Tuesday, December 30, 2008

British problems at Gazala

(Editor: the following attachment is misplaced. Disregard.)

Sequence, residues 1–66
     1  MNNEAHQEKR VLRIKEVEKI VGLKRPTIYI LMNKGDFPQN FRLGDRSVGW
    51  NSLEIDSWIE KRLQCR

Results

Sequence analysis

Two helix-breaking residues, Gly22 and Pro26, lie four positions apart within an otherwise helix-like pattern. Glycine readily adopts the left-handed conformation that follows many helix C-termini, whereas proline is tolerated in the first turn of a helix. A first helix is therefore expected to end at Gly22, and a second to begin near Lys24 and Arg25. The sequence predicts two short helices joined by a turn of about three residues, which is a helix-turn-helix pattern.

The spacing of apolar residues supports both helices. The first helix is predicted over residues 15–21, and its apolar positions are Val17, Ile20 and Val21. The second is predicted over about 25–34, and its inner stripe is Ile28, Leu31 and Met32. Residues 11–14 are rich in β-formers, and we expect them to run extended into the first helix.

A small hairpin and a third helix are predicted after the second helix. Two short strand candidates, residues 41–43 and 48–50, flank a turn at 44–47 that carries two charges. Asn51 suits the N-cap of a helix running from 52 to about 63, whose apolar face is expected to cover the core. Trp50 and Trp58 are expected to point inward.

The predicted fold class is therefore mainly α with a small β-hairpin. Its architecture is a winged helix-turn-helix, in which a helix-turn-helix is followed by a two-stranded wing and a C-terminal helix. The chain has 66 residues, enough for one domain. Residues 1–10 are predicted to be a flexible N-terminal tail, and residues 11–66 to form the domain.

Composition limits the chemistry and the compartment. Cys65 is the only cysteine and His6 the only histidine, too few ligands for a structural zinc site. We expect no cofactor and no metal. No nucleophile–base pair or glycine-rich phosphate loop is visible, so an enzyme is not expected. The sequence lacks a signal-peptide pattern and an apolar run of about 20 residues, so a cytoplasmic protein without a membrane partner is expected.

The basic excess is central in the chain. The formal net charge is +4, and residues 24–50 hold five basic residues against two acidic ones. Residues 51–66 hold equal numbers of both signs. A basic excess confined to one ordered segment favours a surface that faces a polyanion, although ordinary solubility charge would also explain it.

The British lack of success in the Desert at the Battle of Gazala seemed to have been caused by several factors: the unwillingness to fight with concentrated forces and the poor communiction between forces at the front and the commanders in headquarters in the rear. The Germans solved the second problem by having commanders lead their troops at the front. The disadvantage of that was that commanders were often killed or captured and they risked being out of touch with their forces that were not in their immediate vicinity. The Germans fought with concentrated groups of all arms that were highly mobile (when they were supplied). The British tried to have troops everywhere and to cover large expanses with small forces. That meant that they were always fighting superior forces and had their small groups overwhelmed by the concentrated German and Italian battlegroups in Rommels army.

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